Tencent Music Tops 56 Million Paying Subscribers, Reports 14.3% Quarterly Revenue Jump

Tencent Music IPO Launches at Lowest Expected Price Range
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Tencent Music experienced a 40.4 percent year-over-year boost in paid subscribers during Q4 2020, according to the Shenzhen-headquartered company’s newly released earnings report, with an even 56 million premium accounts across its QQ Music, Kugou Music, and Kuwo Music streaming services.

China’s largest music-streaming company also relayed in its fourth-quarter earnings analysis that revenue grew by 14.3 percent, compared to the same three-month stretch in 2019, to nearly $1.28 billion. A 29 percent year-over-year hike (to $423 million) in income from online music services – including a 41.9 percent uptick in subscription earnings, which came in at $242 million during the quarter, and 100 percent more advertising earnings – was one of the chief contributors to the double-digit bump in overall revenue.

Quarterly income attributable to “social entertainment services and others,” including Tencent Music’s WeSing karaoke app and TME Live livestream platform, crossed $854 million (a YoY jump of 8.2 percent), per the earnings report.

Tencent Music’s net profit, for its part, finished at $183 million, factoring for the three months ending on December 31st, compared to approximately $637 million in net profit (a 4.3 percent improvement from 2019) throughout all of 2020.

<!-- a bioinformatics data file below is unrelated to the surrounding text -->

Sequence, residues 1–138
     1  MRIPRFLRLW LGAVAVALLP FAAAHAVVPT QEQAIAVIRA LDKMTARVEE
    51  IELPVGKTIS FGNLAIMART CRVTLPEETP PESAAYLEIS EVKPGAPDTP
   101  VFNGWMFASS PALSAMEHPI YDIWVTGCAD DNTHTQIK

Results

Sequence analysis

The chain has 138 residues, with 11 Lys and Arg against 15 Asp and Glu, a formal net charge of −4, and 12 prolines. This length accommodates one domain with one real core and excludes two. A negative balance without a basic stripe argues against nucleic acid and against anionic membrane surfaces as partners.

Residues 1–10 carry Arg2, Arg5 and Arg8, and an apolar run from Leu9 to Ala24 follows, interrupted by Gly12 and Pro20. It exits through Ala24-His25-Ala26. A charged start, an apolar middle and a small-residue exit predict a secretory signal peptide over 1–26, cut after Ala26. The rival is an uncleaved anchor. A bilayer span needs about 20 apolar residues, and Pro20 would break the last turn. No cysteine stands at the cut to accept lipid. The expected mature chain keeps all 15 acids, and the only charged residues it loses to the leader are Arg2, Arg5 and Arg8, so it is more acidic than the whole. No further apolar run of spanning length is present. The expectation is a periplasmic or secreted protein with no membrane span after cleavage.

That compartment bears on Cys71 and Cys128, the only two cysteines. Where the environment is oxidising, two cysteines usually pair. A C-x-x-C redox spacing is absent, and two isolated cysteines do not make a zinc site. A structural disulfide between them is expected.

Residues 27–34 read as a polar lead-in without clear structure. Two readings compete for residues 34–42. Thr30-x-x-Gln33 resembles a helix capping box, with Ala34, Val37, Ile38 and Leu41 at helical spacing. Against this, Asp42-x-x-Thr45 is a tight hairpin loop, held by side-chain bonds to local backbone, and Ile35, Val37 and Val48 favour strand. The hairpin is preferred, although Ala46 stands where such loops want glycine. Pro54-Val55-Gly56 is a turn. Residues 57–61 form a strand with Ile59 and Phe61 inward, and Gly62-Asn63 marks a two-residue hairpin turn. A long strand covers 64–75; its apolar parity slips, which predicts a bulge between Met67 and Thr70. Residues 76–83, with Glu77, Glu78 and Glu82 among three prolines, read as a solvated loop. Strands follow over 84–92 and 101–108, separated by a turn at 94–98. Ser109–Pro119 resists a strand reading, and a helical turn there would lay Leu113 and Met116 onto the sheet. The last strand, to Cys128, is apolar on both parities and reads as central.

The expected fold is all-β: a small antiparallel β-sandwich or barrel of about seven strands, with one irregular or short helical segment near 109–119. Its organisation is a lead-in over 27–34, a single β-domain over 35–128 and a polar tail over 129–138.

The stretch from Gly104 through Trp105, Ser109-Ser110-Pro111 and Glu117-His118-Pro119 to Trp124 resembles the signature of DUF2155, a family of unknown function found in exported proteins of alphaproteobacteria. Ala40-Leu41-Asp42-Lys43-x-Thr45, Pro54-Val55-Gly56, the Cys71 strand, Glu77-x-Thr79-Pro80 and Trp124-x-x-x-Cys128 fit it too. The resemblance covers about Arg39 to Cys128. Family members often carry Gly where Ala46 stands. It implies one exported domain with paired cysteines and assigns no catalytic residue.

And on the monthly active user (MAU) front, TME’s platforms boasted 622 million users as of 2020’s end – a roughly 3.4 percent falloff from Q4 2019. Social-entertainment users declined slightly, to 223 million. But as mentioned, these relatively small dips didn’t stop Tencent Music from recording a massive increase in paid accounts and, in turn, earnings.

Moreover, TME “saw a year-over-year increase in average daily user time spent on our platform,” and the publicly traded company dedicated much of the remainder of the release to highlighting the steps it took in Q4 to broaden its music library and the types of entertainment content that it offers.

Fans Club, “Kugou Music’s new community channel,” experienced a 15 percent gain in “total user time spent,” comparing Q4 and Q3 2020, while “almost half of combined users of Putong Community and Fans Club are in their teens and mid 20’s.” The average daily time spent on the streaming services themselves also increased YoY – a point that Tencent Music attributed in part to its embrace of livestream performances.

In terms of the latter, TME Live has hosted north of 50 concerts to date, with 25 of these shows having taken place in Q4 2020. Building upon the point, the entity enjoyed a 100 percent YoY uptick in “the number of participating indie musicians” across its platforms, and the number of “original songs” uploaded surpassed one million at 2020’s end.

Of particular note here is that streaming exclusives remain prominent in China, and Tencent Music indicated that its “number of exclusive indie musicians increased by 13 times in the fourth quarter.”

Yesterday, Tencent Music revealed that it had inked a massive, multi-year licensing deal with Warner Music, in addition to unveiling plans to establish a jointly owned record label with the Access Industries-owned company. And Tencent, it bears mentioning, owns one-fifth of Universal Music Group, which is slated to arrive on the stock market by this year’s end.